My Mom was evaluated by the facility's psychiatric nurse practitioner.  Mom “passed” the MINI-MENTAL EXAM and was “Alert and Oriented X 3”, but she had “Ideas of Unreality – delusional statements”; her thought process was “Confused, derails often with periods of lucidity” and her cognitive function, knowledge base, abstract thought, memory, judgment, and insight were all “impaired" and she could not figure out how many quarters were in $2.75.  Unfortunately the Social Service Assistant at the nursing home thought that Mom was competent and able to take care of her own finances. So when Mom became angry at me and my brother for making arrangements to pay for Mom's nursing home bill while we waited for Mom's Long Term Care Insurance to go into effect, the Social Service Assistant "helped" Mom to revoke my brother and myself as POAs and name our family attorney as POA.  I had to hire my own attorney and petition for guardianship and conservatorship.  During the process, the Attorney Ad Lidem assigned by the Court to represent Mom decided that Mom DID NOT know what she was doing nor understand the consequences and asked the Court to "disregard" the revocation that Mom had made and return Power of Attorney to me.  If the Social Service Assistant had read psychiatric nurse practitioner's notes, maybe she would not have encouraged Mom to revoke my POA.  Who knows!?!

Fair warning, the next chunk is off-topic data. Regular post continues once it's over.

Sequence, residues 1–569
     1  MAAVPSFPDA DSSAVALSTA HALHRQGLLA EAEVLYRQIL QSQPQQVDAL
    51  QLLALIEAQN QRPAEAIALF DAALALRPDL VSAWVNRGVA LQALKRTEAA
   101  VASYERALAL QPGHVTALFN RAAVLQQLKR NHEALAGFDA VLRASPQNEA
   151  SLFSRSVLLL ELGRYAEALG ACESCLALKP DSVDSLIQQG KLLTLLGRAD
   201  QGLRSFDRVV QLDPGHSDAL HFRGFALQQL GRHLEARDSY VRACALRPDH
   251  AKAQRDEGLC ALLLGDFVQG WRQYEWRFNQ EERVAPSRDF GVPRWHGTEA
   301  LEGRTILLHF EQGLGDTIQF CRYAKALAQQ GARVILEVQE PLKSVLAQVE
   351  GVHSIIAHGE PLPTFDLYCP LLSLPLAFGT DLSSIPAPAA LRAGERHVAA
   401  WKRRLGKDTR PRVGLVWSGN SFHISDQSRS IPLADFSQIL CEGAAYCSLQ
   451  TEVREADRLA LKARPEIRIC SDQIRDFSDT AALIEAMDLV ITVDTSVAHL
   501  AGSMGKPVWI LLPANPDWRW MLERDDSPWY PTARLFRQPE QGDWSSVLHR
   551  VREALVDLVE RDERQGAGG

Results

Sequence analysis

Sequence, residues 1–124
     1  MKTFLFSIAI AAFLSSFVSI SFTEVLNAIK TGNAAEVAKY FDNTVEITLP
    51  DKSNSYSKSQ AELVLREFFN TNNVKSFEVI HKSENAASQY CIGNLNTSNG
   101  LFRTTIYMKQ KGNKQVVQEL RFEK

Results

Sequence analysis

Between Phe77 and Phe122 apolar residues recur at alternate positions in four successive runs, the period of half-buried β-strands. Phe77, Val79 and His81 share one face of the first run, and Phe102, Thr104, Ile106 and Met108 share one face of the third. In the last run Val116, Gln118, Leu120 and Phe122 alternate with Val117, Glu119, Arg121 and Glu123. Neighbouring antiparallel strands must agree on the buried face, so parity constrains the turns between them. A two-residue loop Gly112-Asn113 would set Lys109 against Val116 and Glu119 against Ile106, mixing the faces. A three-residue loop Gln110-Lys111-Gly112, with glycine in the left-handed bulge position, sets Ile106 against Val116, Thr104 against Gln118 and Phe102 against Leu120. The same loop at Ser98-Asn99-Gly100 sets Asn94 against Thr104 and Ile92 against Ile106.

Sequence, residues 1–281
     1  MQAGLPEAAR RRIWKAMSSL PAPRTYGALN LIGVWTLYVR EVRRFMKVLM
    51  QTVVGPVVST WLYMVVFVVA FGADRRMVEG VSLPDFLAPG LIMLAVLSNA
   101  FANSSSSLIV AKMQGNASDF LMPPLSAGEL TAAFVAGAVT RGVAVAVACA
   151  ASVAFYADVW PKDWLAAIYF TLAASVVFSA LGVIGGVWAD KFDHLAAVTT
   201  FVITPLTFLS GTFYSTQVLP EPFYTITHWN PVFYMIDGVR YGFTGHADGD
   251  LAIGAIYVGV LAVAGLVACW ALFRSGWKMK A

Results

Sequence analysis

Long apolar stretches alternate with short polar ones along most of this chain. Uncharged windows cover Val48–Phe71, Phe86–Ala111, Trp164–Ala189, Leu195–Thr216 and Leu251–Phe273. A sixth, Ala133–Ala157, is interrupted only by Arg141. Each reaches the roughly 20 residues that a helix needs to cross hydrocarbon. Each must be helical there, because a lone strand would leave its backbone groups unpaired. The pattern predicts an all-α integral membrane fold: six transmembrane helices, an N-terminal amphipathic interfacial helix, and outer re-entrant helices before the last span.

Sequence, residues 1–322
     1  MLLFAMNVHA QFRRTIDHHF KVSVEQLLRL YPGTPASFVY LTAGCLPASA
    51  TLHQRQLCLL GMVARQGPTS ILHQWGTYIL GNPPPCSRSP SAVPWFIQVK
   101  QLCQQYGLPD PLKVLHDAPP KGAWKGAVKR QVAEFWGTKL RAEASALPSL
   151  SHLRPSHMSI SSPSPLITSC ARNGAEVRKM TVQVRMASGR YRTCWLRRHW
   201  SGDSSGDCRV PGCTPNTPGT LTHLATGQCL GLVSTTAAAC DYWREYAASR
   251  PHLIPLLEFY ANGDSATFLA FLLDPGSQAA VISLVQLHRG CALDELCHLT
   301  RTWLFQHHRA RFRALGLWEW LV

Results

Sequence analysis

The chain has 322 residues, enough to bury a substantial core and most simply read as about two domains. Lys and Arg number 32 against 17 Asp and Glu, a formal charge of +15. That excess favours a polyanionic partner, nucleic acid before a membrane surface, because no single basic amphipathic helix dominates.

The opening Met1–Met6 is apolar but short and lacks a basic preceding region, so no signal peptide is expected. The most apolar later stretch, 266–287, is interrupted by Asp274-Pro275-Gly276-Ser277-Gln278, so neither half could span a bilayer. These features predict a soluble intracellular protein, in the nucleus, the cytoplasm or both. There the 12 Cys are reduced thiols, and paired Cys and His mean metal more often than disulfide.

Having an psychiatric evaluation available in your Mom’s health records that proves that your Mom is NOT able to handle her own affairs will strengthen your position as her POA—especially if your Mom (or someone well-meaning person thinks that your Mom is competent) challenges your POA status.
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Reply to DeeAnna
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If she has been declared incompetent by one or two doctors (depending on what it says is her POA), she can not take you off as POA. If she was never declared incompetent by the doctor she can change her POA at any time.

Dealing with seniors who should not be driving.
There are many ways to try to address this but here is what I have found. Most families don't want to be the one to tell a parent that they can not drive because it can cause a lot of problems in their relationship with the parent. What I have my families do is call the Department of Revenue and tell them that individual is unsafe to be driving. The Department of Revenue will then contact the individual and tell them that they are going to have to submit to a driving test to keep their license. If the senior truly is not safe to drive they will not pass the test.

Another thing I have done is have the seniors doctor write a doctor's order to the individual telling them that they can no longer drive. Some seniors will follow any order their doctor tells them. Sounds simple but has worked with some seniors.
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Reply to cjwilson